11 Principles and Guidelines in Design for Manufacturing and Assembly

Here are 11 Principles and Guidelines in Design for Manufacturing and Assembly:

  • 1. Minimize number of components. Assembly costs are reduced. The final product is more reliable because there are fewer connections. Disassembly for maintenance and field service is easier. Reduced part count usually means automation is easier to implement. Work-in-process is reduced, and there are fewer inventory control problems. Fewer parts need to be purchased, which reduces ordering costs.
  • 2. Use standard commercially available components. Design time and effort are reduced. Design of custom-engineered components is avoided. There are fewer part numbers. Inventory control is facilitated. Quantity discounts may be possible.
  • 3. Use common parts across product lines. There is an opportunity to apply group technology. Implementation of manufacturing cells may be possible. Quantity discounts may be possible.
  • 4. Design for ease of part fabrication. Net shape and near net shape processes may be feasible. Part geometry is simplified, and unnecessary features are avoided. Unnecessary surface finish requirements should be avoided; otherwise, additional processing may be needed.
  • 5. Design parts with tolerances that are within process capability. Tolerances tighter than the process capability should be avoided; otherwise, additional processing or sortation will be required. Bilateral tolerances should be specified.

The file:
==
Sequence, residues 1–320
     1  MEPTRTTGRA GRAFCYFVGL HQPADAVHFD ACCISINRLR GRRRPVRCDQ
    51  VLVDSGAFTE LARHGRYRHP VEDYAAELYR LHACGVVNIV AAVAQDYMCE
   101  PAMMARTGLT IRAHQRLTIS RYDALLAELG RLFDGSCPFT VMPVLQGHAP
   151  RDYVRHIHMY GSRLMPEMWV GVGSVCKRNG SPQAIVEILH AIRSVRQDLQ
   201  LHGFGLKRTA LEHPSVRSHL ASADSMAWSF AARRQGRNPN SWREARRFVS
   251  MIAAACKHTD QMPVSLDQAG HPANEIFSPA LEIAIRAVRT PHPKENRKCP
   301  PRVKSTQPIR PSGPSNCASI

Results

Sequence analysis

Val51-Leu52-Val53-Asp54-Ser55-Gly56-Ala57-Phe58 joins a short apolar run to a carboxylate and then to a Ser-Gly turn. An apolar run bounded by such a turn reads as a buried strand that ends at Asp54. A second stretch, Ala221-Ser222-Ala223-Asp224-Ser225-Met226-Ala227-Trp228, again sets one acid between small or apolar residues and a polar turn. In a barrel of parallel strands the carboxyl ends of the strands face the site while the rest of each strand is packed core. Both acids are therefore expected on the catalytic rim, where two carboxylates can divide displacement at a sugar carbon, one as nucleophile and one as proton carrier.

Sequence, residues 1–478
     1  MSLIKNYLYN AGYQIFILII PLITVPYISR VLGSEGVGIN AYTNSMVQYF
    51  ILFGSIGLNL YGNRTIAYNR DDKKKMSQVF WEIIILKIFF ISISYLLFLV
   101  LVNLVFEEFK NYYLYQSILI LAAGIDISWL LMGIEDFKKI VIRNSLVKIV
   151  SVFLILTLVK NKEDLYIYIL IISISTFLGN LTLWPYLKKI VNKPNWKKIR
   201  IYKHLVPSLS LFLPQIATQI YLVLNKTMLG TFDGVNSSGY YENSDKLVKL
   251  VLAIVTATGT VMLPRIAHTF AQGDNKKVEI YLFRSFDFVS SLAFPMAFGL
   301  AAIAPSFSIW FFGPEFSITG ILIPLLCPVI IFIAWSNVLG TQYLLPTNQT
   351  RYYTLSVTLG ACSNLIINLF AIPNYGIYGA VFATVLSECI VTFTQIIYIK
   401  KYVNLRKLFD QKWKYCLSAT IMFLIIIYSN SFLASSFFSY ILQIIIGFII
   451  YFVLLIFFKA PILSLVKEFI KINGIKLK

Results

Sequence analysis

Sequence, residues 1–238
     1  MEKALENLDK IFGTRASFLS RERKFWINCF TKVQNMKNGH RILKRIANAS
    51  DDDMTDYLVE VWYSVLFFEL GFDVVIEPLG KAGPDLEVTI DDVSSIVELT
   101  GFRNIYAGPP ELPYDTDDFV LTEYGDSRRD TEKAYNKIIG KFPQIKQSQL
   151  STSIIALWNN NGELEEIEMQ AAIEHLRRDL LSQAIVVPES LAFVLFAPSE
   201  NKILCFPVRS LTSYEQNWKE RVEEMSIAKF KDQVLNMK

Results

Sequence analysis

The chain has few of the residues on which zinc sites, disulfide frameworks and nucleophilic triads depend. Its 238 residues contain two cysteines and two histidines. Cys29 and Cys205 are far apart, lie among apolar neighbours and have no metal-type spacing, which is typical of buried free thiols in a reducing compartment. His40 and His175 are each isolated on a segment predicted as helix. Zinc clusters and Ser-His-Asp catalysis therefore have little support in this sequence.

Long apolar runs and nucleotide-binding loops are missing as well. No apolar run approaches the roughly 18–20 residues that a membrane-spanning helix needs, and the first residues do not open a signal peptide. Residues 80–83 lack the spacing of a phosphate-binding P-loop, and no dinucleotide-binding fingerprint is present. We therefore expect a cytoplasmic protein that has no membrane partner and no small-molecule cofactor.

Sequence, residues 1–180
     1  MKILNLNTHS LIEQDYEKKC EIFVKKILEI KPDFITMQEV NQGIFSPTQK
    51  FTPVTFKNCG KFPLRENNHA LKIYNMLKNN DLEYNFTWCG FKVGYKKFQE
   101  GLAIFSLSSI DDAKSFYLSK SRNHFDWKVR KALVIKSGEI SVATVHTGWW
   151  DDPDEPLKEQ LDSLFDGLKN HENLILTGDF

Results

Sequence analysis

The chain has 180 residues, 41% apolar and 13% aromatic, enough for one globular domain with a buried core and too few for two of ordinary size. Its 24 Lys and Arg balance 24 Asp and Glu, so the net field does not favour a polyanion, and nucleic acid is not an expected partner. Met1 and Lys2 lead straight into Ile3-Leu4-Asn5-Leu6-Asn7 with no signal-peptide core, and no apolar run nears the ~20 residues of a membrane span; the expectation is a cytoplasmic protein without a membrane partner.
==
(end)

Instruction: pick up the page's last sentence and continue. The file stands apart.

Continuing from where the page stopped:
• 6. Design the product to be foolproof during assembly. Assembly should be unambiguous. Components should be designed so they can be assembled only one way. Special geometric features must sometimes be added to components to achieve foolproof assembly.
  • 7. Minimize use of flexible components. Flexible components include parts made of rubber, belts, gaskets, cables, etc. Flexible components are generally more difficult to handle and assemble.
  • 8. Design for ease of assembly. Part features such as chamfers and tapers should be designed on mating parts. Design the assembly using base parts to which other components are added. The assembly should be designed so that components are added from one direction, usually vertically. Threaded fasteners (screws, bolts, nuts) should be avoided where possible, especially when automated assembly is used; instead, fast assembly techniques such as snap fits and adhesive bonding should be employed. The number of distinct fasteners should be minimized.
  • 9. Use modular design. Each subassembly should consist of five to fifteen parts. Maintenance and repair are facilitated. Automated and manual assembly are implemented more readily. Inventory requirements are reduced. Final assembly time is minimized.
  • 10. Shape parts and products for ease of packaging. The product should be designed so that standard packaging cartons can be used, which are compatible with automated packaging equipment. Shipment to customer is facilitated. 11. Eliminate or reduce adjustment required. Adjustments are time-consuming in assembly. Designing adjustments into the product means more opportunities for out-of-adjustment conditions to arise.

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